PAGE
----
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Business case studies No 315 - 16.10.2020

Your Brain on Podcasts – podcast ads outperform social media ads

In this week’s egtabite we look at a US study by podcast network Wondery and Mindshare’s NeuroLab called "Your Brain on Podcasts”. This research demonstrates how audio storytelling outperforms visual storytelling on social media for emotional impact across categories, with podcast ads growing subconscious brand trust, as well as increasing memory encoding and emotional intensity. This kind of study is useful to attract new brands to podcast advertising by demonstrating its impact.

Building trust

Today’ media landscape has put advertisers into a battle not only for attention, but also trust. The study by NeuroLab found that when ads from two brands were run on two Wondery shows, Dr. Death and Life Is Short with Justin Long, the trust factor for the brand flipped from a negative to a positive. “Listeners trust the host of the podcast, and that halo effect benefits the brand,” said Hernan Lopez, founder and CEO of Wondery. Yet that’s not true on social media. That same brand had the opposite effect when it ran video ads on YouTube and Facebook.

The study compared ads from two brands, both host-read and producer-read versions of 15s and 60s podcast ads, versus the video ads on social media that were of the exact same length.

Emotional Impact and Memory Encoding

The results also showed that audio storytelling outperforms visual storytelling for emotional impact across categories. There was a +21% increase in emotional intensity when the same brand story was told just audibly versus just visually. Podcast ads are also characterized by high, sustained emotional intensity while social media ads tend to decrease in emotional intensity overtime.

The study also showed that podcast ads have a 9% higher average memory encoding level on a listener’s brain compared to the same brand ads on social media. “Consistent with previous NeuroLab results, audio advertisements increase through branding while digital video ads tend to suffer from conceptual closure,” the study says.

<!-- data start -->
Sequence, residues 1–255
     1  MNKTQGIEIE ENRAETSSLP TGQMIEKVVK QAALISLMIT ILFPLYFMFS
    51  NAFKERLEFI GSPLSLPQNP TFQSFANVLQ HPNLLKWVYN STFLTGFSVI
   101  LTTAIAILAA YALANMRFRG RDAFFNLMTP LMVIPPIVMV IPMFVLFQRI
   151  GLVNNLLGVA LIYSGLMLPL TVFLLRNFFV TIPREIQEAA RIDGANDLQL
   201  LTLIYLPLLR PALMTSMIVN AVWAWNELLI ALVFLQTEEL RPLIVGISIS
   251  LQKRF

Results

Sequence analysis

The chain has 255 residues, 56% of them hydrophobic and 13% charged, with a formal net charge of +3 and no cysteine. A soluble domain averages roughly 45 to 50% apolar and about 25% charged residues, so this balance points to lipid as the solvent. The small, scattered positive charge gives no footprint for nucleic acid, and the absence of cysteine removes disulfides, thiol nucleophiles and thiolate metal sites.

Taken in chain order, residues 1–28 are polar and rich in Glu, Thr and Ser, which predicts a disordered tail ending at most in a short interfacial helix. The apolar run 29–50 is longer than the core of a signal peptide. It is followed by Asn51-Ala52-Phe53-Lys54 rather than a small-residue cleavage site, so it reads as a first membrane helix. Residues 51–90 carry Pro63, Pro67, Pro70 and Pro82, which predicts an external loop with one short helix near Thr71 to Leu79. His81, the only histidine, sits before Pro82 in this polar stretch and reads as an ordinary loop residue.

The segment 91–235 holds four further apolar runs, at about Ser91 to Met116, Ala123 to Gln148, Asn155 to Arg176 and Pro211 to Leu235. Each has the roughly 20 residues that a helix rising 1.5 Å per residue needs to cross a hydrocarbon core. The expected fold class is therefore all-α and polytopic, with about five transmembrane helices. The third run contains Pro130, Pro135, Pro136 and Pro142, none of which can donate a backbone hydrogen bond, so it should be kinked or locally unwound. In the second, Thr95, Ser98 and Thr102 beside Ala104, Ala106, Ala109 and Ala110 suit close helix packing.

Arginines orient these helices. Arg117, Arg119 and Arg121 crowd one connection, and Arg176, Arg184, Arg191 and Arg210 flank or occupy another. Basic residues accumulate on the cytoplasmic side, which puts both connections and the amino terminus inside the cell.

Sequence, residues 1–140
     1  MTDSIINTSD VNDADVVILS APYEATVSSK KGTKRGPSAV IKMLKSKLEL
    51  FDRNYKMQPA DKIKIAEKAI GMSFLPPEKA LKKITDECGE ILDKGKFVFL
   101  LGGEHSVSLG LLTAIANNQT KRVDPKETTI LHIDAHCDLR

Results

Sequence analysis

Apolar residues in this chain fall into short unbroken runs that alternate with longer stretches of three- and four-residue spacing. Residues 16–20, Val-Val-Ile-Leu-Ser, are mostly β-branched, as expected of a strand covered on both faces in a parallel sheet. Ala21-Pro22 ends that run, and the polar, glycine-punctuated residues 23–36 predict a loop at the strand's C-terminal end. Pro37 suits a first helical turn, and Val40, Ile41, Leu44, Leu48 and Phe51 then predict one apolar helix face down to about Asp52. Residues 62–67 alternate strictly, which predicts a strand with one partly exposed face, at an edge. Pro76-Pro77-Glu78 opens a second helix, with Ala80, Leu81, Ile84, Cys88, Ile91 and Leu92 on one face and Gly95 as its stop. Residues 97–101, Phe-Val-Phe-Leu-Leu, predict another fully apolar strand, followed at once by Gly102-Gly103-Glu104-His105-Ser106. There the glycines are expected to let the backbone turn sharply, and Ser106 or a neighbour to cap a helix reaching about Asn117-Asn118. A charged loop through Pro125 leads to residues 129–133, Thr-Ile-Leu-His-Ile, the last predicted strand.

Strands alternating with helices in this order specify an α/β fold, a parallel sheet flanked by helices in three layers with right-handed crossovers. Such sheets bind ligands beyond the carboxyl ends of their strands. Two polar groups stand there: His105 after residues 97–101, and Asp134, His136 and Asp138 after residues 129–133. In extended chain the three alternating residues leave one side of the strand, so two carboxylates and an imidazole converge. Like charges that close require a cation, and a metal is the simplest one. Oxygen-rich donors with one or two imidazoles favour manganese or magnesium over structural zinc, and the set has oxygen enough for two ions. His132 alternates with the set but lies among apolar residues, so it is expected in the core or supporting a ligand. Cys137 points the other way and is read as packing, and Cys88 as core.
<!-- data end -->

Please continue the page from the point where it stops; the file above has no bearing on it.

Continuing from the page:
It is well-established that memories tied to emotions are more likely to be sustained over time and NeuroLab says that too is working in podcasting’s favour. Its data shows that podcast ads tend to be encoded on the brain with a higher emotional intensity than ads on social media. That’s especially true on longer one-minute ads, where researchers could see changing emotional levels as someone hears the spot. That suggests new emotions are being felt throughout the ad—similar to when someone listens to the show’s content.

In terms of ad formats, both host-read and producer-read spots performed better in terms of emotional intensity and memory encoding. The data showed a 30% higher average emotional intensity level of host-read ads compared to social media ads.

The study proves that deep connections are being made inside the brain of podcast listeners, between the podcast ads they hear and the products that they will later consider buying.

The study was presented during egta’s CEO & Top Execs’ Summit. Should you be interested in seeing the full study, please contact Declan Moore from Wondery.






» Presentation of Wondery at egta’s CEO & Top Execs’ Summit (here)
Only available to egta members. Please note you need to be logged in to access the content.

» InsideRadio press article (click here)

» Interview with Wondery CEO Hernan Lopez (click here)


» Check egta calendar of events here.

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